2. Active learning

    68% Skill level

    Being able to use what you have learnt to solve problems now and again in the future.

  3. Active listening

    66% Skill level

    Listening to others, not interrupting, and asking good questions.

  4. Critical thinking

    61% Skill level

    Thinking about the pros and cons of different ways to solve a problem.

  5. Speaking

    61% Skill level

    Talking to others.

  6. Judgment and decision making

    59% Skill level

    Figuring out the pros and cons of different options and choosing the best one.

  7. Complex problem solving

    57% Skill level

    Noticing a problem and figuring out the best way to solve it.

  8. Social perceptiveness

    57% Skill level

    Understanding why people react the way they do.

  9. Writing

    55% Skill level

    Writing things for co-workers or customers.

  10. Coordination with others

    54% Skill level

    Being adaptable and coordinating work with other people.

  11. Science

    54% Skill level

    Using scientific rules and methods to solve problems.

  12. Serving others

    54% Skill level

    Looking for ways to help people.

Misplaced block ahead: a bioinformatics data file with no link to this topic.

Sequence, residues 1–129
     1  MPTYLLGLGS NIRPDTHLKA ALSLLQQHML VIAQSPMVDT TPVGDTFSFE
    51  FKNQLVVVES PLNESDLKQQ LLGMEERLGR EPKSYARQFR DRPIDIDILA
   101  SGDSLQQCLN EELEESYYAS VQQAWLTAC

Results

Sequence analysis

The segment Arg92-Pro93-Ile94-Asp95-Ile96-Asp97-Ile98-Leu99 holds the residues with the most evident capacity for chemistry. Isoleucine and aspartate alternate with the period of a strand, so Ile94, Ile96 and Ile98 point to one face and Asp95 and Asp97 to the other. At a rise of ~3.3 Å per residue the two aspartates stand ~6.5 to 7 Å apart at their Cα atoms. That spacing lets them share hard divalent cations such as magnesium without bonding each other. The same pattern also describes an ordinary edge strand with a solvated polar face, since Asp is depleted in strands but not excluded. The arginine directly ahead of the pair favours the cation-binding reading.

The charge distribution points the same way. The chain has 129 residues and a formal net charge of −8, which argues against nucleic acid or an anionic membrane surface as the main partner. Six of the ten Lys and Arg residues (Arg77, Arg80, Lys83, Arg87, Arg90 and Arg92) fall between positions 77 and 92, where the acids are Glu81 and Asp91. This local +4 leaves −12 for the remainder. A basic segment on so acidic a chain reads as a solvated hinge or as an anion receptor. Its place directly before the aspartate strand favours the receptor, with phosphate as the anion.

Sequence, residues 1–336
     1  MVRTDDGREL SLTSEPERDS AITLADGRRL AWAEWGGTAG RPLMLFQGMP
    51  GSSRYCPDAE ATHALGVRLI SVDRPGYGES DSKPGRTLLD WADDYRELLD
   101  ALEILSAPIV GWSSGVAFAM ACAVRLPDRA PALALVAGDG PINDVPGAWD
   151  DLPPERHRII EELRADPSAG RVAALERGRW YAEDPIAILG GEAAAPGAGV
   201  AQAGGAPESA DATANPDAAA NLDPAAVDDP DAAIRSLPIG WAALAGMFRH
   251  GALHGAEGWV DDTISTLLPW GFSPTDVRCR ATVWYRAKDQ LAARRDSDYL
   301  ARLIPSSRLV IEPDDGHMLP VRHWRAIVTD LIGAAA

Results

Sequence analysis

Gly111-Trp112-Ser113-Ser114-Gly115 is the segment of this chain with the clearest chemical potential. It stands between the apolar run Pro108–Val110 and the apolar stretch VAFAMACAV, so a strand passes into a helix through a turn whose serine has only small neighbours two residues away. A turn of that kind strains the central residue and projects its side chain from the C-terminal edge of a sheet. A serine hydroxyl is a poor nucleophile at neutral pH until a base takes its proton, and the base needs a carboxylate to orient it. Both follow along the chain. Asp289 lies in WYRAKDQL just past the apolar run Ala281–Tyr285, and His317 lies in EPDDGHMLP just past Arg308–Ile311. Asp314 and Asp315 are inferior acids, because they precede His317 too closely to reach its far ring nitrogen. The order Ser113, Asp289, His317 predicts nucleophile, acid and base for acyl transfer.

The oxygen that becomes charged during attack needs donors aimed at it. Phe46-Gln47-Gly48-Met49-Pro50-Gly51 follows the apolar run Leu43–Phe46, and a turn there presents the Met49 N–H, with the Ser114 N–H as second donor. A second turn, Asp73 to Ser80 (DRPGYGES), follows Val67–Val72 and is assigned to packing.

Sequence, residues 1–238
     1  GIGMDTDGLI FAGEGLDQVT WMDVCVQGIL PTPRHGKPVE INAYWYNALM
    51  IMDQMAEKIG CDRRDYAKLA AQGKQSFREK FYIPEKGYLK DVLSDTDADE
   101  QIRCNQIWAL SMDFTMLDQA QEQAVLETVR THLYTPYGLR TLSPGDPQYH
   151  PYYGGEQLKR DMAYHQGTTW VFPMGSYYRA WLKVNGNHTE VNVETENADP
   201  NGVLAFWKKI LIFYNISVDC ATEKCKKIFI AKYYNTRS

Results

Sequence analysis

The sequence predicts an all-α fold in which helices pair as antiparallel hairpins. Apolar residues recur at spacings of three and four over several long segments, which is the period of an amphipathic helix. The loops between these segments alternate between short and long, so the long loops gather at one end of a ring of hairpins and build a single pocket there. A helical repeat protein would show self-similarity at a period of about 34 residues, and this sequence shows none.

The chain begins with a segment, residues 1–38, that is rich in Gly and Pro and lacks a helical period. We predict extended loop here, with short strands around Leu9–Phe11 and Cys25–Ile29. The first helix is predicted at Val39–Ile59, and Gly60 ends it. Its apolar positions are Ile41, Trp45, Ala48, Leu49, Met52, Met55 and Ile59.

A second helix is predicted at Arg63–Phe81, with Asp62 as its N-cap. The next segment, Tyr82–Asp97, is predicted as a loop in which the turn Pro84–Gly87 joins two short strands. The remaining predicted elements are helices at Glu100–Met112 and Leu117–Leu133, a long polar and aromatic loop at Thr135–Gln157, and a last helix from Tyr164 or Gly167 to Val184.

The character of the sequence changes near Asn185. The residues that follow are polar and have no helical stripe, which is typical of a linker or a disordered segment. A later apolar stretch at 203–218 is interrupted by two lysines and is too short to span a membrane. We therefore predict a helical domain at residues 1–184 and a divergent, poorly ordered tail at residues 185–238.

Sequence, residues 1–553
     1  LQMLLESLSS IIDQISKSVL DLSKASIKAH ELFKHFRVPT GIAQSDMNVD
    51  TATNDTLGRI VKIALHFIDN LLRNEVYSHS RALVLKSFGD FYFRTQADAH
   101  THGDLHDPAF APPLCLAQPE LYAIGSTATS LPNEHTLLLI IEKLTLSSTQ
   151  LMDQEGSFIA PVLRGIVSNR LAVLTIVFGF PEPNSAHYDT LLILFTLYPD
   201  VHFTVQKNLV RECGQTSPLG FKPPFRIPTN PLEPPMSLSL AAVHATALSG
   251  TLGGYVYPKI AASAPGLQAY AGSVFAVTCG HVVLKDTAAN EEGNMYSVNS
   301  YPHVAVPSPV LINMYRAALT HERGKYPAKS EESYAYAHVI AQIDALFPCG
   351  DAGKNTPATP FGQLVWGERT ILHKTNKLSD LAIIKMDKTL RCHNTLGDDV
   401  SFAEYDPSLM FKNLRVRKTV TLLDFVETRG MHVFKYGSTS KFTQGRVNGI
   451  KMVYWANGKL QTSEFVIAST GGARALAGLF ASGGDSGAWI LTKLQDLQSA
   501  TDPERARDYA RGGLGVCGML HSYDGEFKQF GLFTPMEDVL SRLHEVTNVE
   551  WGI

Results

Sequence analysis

13. Instructing

    54% Skill level

    Teaching people how to do something.

  14. Monitoring

    52% Skill level

    Keeping track of how well work is progressing so you can make changes or improvements.

  15. Learning strategies

    52% Skill level

    Figuring out the best way to teach or learn something new.

  16. Time management

    50% Skill level

    Managing your own and other peoples' time to get work done.

  17. Persuasion

    48% Skill level

    Talking people into changing their minds or their behaviour.

  18. Systems analysis

    46% Skill level

    Figuring out how a system should work and how changes in conditions, operations, and the environment will affect it.

  19. Management of personnel resources

    45% Skill level

    Motivating, developing, and directing people as they work, and choosing the best people for the job.

  20. Negotiation

    45% Skill level